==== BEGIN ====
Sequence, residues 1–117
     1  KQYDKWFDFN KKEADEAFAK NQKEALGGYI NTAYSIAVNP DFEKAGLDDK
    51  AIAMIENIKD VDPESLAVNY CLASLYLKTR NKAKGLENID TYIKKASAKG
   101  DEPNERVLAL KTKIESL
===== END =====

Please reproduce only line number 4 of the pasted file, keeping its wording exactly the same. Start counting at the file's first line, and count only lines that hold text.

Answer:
   101  DEPNERVLAL KTKIESL